Our Gourmet: Luscious Italian dining at VillaggioNovember 29. 2017 12:43AM
Villaggio677 Hooksett Road, Manchester; 627-2424; www.villaggionh.com
Hours: Monday-Thursday, 4-9 p.m.; Friday, 4-11 p.m.; Saturday, noon-11 p.m.; Sunday, noon-9 p.m.
Cuisine: Classic Italian.
Pricing: Appetizers, $8.99-$16.99; salads, $14.99-$17.99; entrees, $17.99-$35.99.
Scores for Villaggio
A Thanksgiving weekend filled with a big turkey dinner, followed by days of hot turkey sandwiches, cold turkey sandwiches, pie and more pie left us ready for something different by Sunday night. Italian sounded good.
Digging through the archives, we discovered Our Gourmet hadn’t visited Villaggio since 2012, shortly after it opened in a strip mall in north Manchester just before the DW Highway heads into Hooksett and the hinterlands beyond.
Our Gourmet loved Villaggio then. We love Villaggio now.
The restaurant brings a bit of relaxed elegance to its little plaza, which includes Chinese takeout, pizza, sandwich and convenience stores. Beige and brown dominate the dining space, with Italian scenes adorning the walls around 25 or so tables. A small bar is behind the hostess station as you enter. Without reservations at the end of the holiday weekend, we were given a cozy corner table for three.
Villaggio offers pastas and other classic Italian fare, including a good selection of fish dishes
The Fussbudget (FB) was delighted when our server delivered a loaf of warm, crusty Italian bread, but was not delighted by the garlicky oil she brought for dipping. He bravely requested butter. When she brought it, he dug right in.
The Dining Companion (DC) started with Bruschetta Napoli ($9.99), three toasted slices of Italian bread topped with a mound of delicately diced tomato and garlic, flecked with minced basil. She savored the fresh toppings with a glass of Chianti ($7.50), but only got to enjoy two of the pieces, as the FB finagled one off her plate and devoured it.
Our Gourmet was in a “special mood,” opting for both an appetizer and entrée from the list of specials. Beef ravioli ($14) came three to the plate, each pillow of fresh pasta filled with tiny bits of braised short rib, whipped into a tantalizing cream with several cheeses, and topped with a rich Marsalla sauce loaded with fresh mushroom. A tinge of sage and a tang from the sauce’s wine lifted this dish to exemplary.
Our adult dinners came with salad. The DC opted for a garden salad, which she said was anything but standard. It was so fresh and clean she declared it didn’t need dressing and that’s just the way she ate it. OG opted to upgrade, ordering a half Caprese ($1.95) instead, a wise choice, well worth it. Three discs of tomato so fresh they were crisp were served nestled on a bed of delicate baby greens, each topped with soft, mild, fresh mozzarella, minced basil, a drizzle of oil and dusted with parmesan. Small dabs of balsamic reduction artfully surrounded the stars of this show and complemented the salad perfectly.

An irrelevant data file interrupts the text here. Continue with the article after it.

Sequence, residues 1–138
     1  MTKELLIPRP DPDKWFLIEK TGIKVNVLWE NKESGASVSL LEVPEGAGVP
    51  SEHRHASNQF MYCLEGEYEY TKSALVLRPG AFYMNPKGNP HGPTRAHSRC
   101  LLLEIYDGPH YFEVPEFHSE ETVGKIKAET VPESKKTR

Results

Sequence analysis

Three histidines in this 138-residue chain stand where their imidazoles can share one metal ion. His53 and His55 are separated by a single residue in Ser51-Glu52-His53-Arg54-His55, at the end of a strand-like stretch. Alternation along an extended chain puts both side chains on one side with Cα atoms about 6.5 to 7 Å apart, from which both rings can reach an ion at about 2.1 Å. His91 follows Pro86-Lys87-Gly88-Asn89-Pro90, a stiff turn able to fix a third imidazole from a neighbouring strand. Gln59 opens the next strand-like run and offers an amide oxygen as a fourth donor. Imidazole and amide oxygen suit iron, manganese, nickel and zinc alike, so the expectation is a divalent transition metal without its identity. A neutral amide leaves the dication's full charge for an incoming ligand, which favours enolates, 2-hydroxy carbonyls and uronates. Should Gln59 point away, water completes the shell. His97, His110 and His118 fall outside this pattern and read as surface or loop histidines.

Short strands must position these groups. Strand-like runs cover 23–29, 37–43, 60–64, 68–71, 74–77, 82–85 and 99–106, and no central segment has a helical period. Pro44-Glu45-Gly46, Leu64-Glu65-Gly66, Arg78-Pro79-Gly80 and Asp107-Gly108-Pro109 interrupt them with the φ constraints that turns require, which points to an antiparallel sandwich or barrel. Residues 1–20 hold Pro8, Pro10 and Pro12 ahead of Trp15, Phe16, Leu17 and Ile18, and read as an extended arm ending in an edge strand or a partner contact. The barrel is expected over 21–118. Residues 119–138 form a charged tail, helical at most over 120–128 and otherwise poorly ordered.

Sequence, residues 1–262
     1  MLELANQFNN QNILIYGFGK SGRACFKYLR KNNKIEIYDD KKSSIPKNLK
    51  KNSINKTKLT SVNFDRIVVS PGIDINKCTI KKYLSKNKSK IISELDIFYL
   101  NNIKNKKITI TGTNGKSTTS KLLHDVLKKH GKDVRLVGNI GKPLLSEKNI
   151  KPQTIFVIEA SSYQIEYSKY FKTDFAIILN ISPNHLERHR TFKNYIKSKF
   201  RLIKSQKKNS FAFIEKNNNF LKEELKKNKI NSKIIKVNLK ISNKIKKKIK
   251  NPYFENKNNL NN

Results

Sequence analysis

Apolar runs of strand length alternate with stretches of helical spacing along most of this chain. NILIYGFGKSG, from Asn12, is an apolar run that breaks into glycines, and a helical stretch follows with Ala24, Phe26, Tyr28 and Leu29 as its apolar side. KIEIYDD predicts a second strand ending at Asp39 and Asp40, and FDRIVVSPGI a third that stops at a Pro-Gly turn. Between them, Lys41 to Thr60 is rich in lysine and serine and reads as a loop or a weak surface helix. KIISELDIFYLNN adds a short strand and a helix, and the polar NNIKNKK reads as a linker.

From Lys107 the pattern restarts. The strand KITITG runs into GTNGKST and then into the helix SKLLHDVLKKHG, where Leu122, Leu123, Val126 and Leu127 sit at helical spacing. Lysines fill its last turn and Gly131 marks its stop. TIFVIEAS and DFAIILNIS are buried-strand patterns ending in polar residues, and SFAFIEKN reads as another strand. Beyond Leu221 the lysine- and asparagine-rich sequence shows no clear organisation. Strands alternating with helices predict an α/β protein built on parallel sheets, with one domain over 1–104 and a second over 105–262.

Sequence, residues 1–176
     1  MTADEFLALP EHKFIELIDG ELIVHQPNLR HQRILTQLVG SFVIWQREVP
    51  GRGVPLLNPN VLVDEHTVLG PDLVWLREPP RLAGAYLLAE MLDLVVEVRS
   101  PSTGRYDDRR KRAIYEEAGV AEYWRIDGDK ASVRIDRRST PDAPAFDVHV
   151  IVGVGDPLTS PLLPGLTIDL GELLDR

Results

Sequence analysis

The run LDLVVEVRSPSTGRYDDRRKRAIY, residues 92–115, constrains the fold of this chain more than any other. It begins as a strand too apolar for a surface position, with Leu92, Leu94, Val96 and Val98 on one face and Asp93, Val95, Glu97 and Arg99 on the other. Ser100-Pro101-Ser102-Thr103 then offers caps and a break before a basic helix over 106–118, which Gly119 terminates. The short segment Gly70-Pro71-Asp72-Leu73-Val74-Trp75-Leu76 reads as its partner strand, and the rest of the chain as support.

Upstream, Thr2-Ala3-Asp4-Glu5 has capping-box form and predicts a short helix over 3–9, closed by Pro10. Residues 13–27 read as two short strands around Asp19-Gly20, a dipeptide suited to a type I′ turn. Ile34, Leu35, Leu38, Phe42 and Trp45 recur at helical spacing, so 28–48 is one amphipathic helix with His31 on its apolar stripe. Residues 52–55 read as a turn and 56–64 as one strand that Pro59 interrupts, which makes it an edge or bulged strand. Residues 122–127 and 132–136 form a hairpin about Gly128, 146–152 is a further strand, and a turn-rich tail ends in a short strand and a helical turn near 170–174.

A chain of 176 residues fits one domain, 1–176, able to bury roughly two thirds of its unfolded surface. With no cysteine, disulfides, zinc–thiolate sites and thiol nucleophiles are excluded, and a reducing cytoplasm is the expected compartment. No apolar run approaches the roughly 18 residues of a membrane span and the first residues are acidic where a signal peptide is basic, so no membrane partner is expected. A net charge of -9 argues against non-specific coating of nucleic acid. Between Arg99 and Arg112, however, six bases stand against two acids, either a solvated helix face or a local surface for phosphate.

We feared the Fussbudget would be full before his Spaghetti and Meatball ($8) arrived, and we were right. His spaghetti, topped with a flavorful marinara, went untouched. He did devour the entire meatball, which was the size of OG’s fist. That’s a win in our book.
The DC’s Capellini Primavera ($17.99) seemed equally ambitious, but she dug right in. Strands of thin pasta were lightly coated in oil, buried below a mound of crisp, gleaming sautéed vegetables including carrot, broccoli, green beans, mushrooms and strips of bright red pepper. The pasta reminded her of her grandmother’s, and though it took a while, she was the only one to finish her entire meal.
Had OG listened more closely to the specials, and heard that our stuffed pork tenderloin ($34) was served with the same marsala sauce as our ravioli, we might have opted for a different entrée — and that would have been a terrible mistake.
The amazing dinner beneath the sauce was worth the redundancy. A small pork tenderloin had been butterflied, stuffed with prosciutto and fontina cheese, rolled, cooked to just barely medium and cut on the bias. The pork was fork-tender and oozed gobs of cheese. Though the prosciutto’s salty goodness was lost in the shuffle, this was a rich, decadent, deeply satisfying meal — like velvet on the tongue. Sides of parmesan risotto and sautéed vegetables were perfectly prepared but superfluous to the star of this show.
We all agreed we were stuffed, but we changed our mind when a dessert tray was brought by. The DC and FB shared a thick slice of Triple Fudge Cake ($7.50). The moist chocolate cake was layered with chocolate ganache and frosted with a fudgy icing. OG got nowhere near it as they polished it off.
Instead, we had our own slice of a superb raspberry-chocolate cheesecake. The plate came artfully decorated with crisscrosses of chocolate and raspberry syrup below the sweet, dense cheesecake, which was crusted with chocolate cookie crumbs and carried light raspberry swirls. Whipped cream topped the dessert but was unnecessary, adding nothing but height to this delicious dessert.
There’s no doubt Villaggio is a little more expensive than some other Manchester restaurants, but its quiet elegance, its attention to detail and its creativity in the kitchen make it well worth it. And, if you want a night in? Shhh: They do takeout, too.